Changes between Version 4 and Version 5 of InfixTypeConstructors


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Timestamp:
Oct 9, 2008 7:50:31 AM (6 years ago)
Author:
simonpj@…
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  • InfixTypeConstructors

    v4 v5  
    44== Brief Explanation == 
    55 
    6 GHC allows type constructors to be infix operators (conops, beginning with {{{:}}}, but not including {{{:}}} itself). 
     6'''First proposal''': allow infix notation in types, in two forms: 
     7  * Regular names in back quotes.  This works for type constructors (eg {{{a `TyCon` b}}}) and type variables (eg {{{Int `a` Bool}}}) 
     8  * Operator symbols (e.g. (`a + b`), or (`a :+: b`).  
     9 
     10'''Second proposal''', make ''both'' varsyms ''and'' consyms be type ''constructors''.   
     11That would allow us to say this: 
     12{{{ 
     13        data a + b = Left a | Right b 
     14}}} 
     15That is, we want to define the type ''constructor'' `(+)`.  GHC's current choice (done for a pseudo-consistency with the value level) is to allow only consyms as type constructors.  So we cannot give the declaration above (because `(+)` is a type variable.  Instead we can say only this: 
     16{{{ 
     17        data a :+ b = Left a | Right b 
     18}}} 
     19Yuk. '''So I propose that varsyms can be used as type constructors, and not as type variables.''' 
    720 
    821Changes to the syntax may depend on whether CompositionAsDot is adopted, but roughly speaking we add 
     
    2134(modulo FixityResolution).  Also, there are obvious changes to the grammar for {{{type}}}, {{{data}}}, and {{{newtype}}} declarations. 
    2235 
    23 Secondly, I propose to allow varsyms to be used as type ''constructors''.  For example, currently "+" is a varsym, so at the type level it'd behave like a type ''variable'' 
    24 {{{ 
    25         data T (+) = MkT (Int + Int) 
    26 }}} 
    27 It's not impossible that this might be useful, although the binding site looks clumsy.  But it misses a much more useful opportunity.  What we ''want'' is to say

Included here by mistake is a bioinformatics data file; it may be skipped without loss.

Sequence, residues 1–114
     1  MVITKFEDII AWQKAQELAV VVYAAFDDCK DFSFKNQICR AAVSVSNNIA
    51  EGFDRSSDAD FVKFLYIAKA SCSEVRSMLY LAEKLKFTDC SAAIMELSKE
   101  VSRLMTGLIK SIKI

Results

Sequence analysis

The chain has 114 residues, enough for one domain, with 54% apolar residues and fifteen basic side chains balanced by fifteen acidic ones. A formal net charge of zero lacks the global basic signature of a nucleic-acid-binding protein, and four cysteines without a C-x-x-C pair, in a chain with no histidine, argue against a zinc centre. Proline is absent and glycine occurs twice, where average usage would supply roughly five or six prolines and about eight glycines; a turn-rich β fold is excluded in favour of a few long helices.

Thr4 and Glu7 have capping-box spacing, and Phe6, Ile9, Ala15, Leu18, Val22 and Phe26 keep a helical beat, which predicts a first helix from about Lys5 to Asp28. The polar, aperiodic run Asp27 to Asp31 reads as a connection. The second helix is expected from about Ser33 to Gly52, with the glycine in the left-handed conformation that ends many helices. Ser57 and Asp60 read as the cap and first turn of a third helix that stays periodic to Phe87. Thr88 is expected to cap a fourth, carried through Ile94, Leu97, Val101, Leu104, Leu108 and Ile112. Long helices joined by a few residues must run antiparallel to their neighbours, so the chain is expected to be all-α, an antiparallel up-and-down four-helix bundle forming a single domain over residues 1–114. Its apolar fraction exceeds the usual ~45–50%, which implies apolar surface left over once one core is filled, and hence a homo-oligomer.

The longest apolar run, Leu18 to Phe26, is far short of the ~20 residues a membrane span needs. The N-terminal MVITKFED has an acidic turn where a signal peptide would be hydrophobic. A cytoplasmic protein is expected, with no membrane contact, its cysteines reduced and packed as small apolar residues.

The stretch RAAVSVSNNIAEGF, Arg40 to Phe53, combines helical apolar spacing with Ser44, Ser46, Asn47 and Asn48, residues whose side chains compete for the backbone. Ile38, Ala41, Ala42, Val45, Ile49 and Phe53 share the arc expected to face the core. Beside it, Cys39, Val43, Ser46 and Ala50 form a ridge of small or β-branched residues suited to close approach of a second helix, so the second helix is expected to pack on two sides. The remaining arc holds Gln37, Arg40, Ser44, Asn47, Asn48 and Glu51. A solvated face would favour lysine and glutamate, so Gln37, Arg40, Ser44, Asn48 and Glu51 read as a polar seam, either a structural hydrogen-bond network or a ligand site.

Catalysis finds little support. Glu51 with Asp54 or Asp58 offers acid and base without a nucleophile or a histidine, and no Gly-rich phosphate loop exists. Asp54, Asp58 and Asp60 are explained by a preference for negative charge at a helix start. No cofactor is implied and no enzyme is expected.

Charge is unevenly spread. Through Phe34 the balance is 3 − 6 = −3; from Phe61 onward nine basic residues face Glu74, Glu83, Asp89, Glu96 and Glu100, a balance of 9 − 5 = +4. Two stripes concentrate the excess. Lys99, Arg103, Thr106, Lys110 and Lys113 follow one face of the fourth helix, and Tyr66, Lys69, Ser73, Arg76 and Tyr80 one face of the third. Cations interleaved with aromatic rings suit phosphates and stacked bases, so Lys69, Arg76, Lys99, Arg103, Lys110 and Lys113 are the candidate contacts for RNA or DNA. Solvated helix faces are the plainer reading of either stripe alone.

28 {{{ 
    29         data a + b = Left a | Right b 
    30 }}} 
    31 That is, we want to define the type ''constructor'' `(+)`.  Currently we have to use the clumsy `:+` notation: 
    32 {{{ 
    33         data a :+ b = Left a | Right b 
    34 }}} 
    35 Yuk. '''So I propose that varsyms can be used as type constructors, and not as type variables.''' 
     36 
    3637 
    3738You may say that is inconsistent, because at the value level you have to start data constructors with a ":".  But the type level is already funny.  The whole type-family idea (beginning with type synonyms) defines things that begin with a capital letter, but which (unlike data constructors) are not head normal forms.  By the time we have full type-synonym families, they really are *functions* as much as any value-level function is. 
    3839 
    39 Some people use Haskell as a laboratory in which to write their cunning type ideas. In mathematics, operators are invariably top-level type constructors (think of the type a+b).  Mirroring this in Haskell would make the transcription more elegantly direct. 
     40Some people use constructors (think of the type a+b).  Mirroring this in Haskell would make the transcription more elegantly direct. 
    4041 
    4142I can't think of any down-sides, except the slight loss of consistency ("the hobgoblin of tiny minds"). 
     
    5455== Cons == 
    5556 
     57* If operators are type constructors, they can't also be type variables.  I know one place where people use a type variable that is an operator. Something like this. 
     58{{{ 
     59        data T (~>) = MkT (Int ~> Int) 
     60}}} 
     61We'd have to use a type variable in back-quotes instead. 
     62 
    5663== Observations == 
    5764 
    5865 * Note that classes can be infix too; this is useful. 
    59  
     66  
    6067 * If you say `module M( (+) ) where ...` are you exporting the type constructor `(+)` or the value `(+)`? Ditto import lists.  Possibilities: 
    6168   * An ambiguous reference defaults to the locally-defined one.  (If we did this we should do so consistently, including for unqualified names in the text of a module.  I think this'd be a Good Thing.  A warning flag could warn if you used it.  It's just like shadowing.)